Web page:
I'm new to StackExchange and to remote sensing. I am working with MOD13Q1 250m 16-day MVCs. My goal is to use NDVI time-series to classify cropping pattern and crop type, then link this data to water issues and rainfall. I am working with ENVI 5.1, which is also new to me. I have used the Modis Reprojeciton Tool to reproject and mosaic two MODIS tiles covering Sri Lanka. The data has been reprojected into WGS84_UTM_44N. I output the data as a GeoTiff and have successfully loaded this into ENVI.

Here's my question: the pixels in the reprojected/mosaicked raster for the NDVI band (which is what i will need for the time-series analysis) run from -32768 to 32767, not from -1 to 1. Is this just some silly misinterpretation on my part, do I need to manipulate the raster somehow with ENVI, or have I distorted the data when reprojecting it?

  • I'm unfamiliar with ENVI, but the 32k values indicate the raster is a 16 bit raster when what you probably want is signed 8 bit. (see this Esri article on raster bit depth). I'd check to see if the projection tool has an option for specifying or restricting the bit depth. – matt wilkie Jan 23 '14 at 21:54
  • sorry, I also working with this data. what do you do with the fill value (-3000)? do you classify it as 0 or do you just leave it as it is? Many thanks, Ilona – user35078 Jul 26 '14 at 21:34

If you look at the product page at LPDAAC, under Layers there is a table that lists each of the bands in the dataset and their characteristics.

Scale factor

For the NDVI layer, it is a 16-bit signed integer with a fill value of -3000, and a valid range from -2000 to 10000. However, there is also a scale factor of 0.0001, or 1/10,000. This means that a value of 10000 in the raster should be multiplied by 0.0001 in order to achieve the actual data value. In ENVI, you should try using Interactive Stretching and rescale the raster to go from 0 to 10000. If you need more pointers on using ENVI, let me know and I can take some screenshots.

It seems odd that NASA would implement this weird scale factor, but it makes sense when you think about it. A 32-bit floating point value that stored the NDVI value verbatim would take up twice as much space before compression versus this integer format, and it would suffer from the precision issues inherent in floating point values. By storing the value as a scaled integer, the file stays small and the precision is retained.

Let me know if you have any other questions about MOD13Q1. I have a good amount of experience using this data set for time series analyses.

  • Many thanks!! I downloaded the HDFView program to find this information in the future. You may be able to help me with some basic questions I have about working with the data in ENVI. Sri Lanka falls on two MODIS tiles, so I need to mosaic the tiles, subset them to Sri Lanka, and reproject them (WGS84, UTM44N). I have successful done this with the MODIS Reprojection Tool (as mentioned in my first comment), but the output .hdf file is read by ENVI as a "Generic File." In addition, while correctly projected, (according to ArcGIS) the output file does not include original projection info. – Emily Jan 29 '14 at 23:28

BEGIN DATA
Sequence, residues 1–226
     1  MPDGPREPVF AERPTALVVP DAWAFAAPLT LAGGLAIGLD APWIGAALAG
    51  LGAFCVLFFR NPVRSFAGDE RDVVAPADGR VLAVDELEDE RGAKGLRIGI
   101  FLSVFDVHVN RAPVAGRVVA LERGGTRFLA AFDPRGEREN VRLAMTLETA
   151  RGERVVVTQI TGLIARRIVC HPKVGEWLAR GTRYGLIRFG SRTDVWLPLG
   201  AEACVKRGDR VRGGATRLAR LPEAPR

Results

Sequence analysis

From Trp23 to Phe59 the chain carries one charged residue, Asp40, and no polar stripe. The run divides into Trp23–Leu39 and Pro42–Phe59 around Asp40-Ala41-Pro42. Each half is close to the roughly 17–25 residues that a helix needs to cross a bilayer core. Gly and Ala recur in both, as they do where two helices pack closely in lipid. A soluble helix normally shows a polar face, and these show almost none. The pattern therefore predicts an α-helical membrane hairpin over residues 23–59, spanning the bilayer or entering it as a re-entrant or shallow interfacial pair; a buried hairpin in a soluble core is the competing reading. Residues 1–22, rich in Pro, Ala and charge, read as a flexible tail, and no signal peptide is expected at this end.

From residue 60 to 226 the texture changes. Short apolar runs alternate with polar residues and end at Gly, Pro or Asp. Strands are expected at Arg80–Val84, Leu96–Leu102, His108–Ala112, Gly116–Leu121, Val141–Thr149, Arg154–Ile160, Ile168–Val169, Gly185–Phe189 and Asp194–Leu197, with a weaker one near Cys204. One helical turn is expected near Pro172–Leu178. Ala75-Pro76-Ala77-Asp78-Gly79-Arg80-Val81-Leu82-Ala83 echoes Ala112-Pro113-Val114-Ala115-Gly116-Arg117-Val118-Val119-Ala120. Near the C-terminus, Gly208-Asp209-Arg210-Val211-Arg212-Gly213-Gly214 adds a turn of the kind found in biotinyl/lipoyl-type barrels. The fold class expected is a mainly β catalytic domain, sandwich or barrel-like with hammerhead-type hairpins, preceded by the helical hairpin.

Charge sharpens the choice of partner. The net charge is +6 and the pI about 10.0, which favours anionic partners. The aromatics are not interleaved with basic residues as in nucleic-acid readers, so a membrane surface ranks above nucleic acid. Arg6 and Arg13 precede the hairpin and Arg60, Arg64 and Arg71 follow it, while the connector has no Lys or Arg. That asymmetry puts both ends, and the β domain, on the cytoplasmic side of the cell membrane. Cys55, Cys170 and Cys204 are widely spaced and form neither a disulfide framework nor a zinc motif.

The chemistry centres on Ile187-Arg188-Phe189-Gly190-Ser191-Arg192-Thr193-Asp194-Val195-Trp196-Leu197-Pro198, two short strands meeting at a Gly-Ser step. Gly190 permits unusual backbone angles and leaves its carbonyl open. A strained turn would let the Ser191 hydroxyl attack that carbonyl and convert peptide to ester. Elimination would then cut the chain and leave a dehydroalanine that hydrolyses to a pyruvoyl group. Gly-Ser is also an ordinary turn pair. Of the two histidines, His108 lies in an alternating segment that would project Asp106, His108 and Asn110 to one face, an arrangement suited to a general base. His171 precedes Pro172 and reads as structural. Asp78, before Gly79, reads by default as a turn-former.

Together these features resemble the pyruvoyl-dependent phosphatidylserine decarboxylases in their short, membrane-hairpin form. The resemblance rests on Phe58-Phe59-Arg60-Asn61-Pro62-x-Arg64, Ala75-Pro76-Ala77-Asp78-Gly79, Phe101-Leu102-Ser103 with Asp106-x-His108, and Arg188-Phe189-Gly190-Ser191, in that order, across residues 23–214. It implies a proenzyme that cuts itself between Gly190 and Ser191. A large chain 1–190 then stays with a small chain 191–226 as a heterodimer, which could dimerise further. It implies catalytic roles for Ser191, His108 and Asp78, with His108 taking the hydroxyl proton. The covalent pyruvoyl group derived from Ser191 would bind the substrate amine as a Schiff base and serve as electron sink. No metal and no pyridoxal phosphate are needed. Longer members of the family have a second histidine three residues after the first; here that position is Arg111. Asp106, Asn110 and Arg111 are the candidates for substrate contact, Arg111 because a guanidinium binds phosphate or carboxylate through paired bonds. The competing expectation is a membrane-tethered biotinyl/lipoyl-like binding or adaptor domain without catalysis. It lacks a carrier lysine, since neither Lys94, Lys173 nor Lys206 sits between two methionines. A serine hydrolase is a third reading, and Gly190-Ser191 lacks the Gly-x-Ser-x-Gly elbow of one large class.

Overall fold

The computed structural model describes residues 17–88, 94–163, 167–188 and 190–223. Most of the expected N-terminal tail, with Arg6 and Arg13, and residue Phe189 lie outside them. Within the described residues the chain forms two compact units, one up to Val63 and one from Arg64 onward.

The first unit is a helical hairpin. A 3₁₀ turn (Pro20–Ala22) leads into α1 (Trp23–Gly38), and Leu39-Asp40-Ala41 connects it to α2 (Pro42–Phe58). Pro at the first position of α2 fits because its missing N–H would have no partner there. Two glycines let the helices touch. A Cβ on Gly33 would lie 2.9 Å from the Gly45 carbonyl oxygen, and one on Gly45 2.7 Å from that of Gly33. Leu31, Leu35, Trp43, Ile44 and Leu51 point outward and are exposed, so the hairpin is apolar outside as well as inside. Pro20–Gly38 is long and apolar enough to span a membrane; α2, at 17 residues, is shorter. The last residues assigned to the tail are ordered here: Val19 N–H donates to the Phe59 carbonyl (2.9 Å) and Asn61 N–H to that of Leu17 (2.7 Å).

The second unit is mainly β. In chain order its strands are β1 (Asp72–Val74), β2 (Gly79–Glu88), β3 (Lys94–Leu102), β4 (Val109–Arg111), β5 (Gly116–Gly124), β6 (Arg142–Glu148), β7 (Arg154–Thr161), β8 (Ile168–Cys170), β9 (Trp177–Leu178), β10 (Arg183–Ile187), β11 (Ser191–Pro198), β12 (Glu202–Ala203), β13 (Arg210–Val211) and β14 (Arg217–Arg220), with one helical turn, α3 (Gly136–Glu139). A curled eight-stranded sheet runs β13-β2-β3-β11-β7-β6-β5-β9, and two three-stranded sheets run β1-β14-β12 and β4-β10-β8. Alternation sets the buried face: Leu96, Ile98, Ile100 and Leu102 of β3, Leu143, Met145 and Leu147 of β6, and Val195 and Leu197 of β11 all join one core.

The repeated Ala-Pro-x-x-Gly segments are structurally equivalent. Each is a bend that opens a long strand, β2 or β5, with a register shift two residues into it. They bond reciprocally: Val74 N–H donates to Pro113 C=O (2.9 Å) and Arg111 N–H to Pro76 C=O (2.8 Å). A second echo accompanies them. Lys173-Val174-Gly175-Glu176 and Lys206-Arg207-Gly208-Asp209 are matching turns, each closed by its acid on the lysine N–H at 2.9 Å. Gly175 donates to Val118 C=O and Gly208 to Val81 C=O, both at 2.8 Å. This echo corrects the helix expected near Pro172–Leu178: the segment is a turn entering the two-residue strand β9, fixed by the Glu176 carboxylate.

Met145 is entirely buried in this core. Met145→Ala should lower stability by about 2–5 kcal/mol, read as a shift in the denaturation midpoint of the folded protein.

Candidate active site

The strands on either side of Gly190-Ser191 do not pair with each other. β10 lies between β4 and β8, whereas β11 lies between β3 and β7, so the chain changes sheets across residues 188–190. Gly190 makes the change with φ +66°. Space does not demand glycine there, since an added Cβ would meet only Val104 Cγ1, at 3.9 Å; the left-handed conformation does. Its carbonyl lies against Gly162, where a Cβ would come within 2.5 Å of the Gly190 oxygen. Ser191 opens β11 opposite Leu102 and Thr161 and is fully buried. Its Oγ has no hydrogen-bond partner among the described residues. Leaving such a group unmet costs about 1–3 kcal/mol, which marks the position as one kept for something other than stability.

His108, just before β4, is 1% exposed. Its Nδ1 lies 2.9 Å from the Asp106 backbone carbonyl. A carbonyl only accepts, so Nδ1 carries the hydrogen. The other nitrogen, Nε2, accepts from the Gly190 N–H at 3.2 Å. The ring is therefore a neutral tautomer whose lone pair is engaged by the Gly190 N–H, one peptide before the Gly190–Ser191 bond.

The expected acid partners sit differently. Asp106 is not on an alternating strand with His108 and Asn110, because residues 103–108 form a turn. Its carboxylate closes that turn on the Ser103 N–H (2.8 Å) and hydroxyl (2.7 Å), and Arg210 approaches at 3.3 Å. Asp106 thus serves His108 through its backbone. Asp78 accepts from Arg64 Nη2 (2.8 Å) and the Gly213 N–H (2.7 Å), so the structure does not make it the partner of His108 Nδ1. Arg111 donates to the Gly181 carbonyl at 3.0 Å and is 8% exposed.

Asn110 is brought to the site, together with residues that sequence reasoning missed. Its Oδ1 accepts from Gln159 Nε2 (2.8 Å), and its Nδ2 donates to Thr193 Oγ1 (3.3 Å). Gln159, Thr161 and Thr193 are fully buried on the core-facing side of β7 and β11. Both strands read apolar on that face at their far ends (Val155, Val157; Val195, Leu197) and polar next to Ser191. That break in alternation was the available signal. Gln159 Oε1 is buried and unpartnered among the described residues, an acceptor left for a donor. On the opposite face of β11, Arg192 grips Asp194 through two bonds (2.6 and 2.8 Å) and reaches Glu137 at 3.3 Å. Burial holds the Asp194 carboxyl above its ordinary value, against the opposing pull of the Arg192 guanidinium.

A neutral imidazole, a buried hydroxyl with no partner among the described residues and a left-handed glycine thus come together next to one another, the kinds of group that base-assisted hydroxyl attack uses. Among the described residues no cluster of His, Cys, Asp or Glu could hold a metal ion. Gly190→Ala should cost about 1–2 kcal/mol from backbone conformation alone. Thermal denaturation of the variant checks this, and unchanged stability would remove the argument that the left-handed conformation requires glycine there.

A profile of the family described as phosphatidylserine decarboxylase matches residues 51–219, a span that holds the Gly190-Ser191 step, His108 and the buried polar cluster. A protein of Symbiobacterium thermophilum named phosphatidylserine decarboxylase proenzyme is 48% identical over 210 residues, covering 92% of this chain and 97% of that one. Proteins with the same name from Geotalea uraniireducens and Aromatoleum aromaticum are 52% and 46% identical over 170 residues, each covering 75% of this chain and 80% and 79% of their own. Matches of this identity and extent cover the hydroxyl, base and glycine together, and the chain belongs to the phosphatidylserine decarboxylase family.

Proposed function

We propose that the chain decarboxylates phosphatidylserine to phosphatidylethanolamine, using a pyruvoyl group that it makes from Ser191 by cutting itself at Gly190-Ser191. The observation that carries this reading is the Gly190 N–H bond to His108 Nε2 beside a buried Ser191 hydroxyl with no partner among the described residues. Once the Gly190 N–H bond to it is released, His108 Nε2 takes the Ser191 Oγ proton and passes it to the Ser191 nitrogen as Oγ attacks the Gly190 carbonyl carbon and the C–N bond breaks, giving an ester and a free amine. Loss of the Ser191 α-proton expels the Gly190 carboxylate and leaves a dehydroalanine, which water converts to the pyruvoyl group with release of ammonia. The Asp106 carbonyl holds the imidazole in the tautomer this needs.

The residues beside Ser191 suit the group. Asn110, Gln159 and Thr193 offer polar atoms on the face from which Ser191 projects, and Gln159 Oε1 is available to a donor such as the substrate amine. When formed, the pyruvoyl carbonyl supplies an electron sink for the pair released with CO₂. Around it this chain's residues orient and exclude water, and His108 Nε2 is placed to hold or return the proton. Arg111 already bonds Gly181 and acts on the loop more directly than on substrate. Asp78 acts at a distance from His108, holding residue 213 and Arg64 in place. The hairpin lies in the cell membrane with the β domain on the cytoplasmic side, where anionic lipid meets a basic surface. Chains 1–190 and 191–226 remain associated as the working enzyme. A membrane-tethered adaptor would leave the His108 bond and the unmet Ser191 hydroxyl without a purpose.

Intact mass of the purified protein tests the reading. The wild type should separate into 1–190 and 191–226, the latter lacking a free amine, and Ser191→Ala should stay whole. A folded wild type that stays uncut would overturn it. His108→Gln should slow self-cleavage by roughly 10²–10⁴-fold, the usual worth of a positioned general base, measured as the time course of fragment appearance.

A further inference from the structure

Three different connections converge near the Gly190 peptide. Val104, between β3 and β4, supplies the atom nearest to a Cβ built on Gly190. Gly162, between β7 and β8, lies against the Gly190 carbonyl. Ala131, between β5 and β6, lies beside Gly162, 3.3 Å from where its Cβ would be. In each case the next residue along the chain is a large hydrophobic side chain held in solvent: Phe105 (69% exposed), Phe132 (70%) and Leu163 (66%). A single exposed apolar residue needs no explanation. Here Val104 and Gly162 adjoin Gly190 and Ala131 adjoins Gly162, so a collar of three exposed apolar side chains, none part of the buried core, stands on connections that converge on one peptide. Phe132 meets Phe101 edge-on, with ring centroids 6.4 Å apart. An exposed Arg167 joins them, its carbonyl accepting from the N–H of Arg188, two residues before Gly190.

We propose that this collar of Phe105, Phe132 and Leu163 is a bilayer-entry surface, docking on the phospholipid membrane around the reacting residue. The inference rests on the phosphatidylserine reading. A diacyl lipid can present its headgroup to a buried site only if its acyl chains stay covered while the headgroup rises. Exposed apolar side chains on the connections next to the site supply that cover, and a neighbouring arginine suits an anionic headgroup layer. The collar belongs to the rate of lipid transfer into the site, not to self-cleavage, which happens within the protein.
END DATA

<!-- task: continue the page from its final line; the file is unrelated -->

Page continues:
• Another quick comment - shouldn't I rescale the NDVI raster from -2000 to 10,000 since this is the value range listed for this raster? Thanks again for your help, it is GREATLY appreciated. – Emily Jan 29 '14 at 23:40
  • I would recommend using the MODIS Reprojection Tool to produce .TIF files--these have better compatibility with software like ENVI and ArcGIS compared to .HDF files. For the scaling, you probably want to scale it by 10,000 to a floating point raster output, where -2,000 = -0.2 and 10,000 = 1.0. – dmahr Jan 30 '14 at 0:25
  • This was a very useful answer dmahr, I was just wondering though if I can multiply the MODIS NDVI using ARCGIS raster calculator? I did and it looks fine but I just need to be sure this is also a proper why of doing it. I am not very familiar with ENVI – user27855 Mar 9 '14 at 19:42
  • Recently I downloaded the product and saw the NDVI values' range are in the magnitude of order of 7. If you use the scaling factor of 0.0001, the range will not be normalized into -1 to 1. Somebodies have asked this questions (such as here and here) but signed as a duplication to this thread. The plot shown here might be useful as an indication to my question. Is the scaling factor 0.0001 still valid? – wnursal Jun 17 '19 at 4:43

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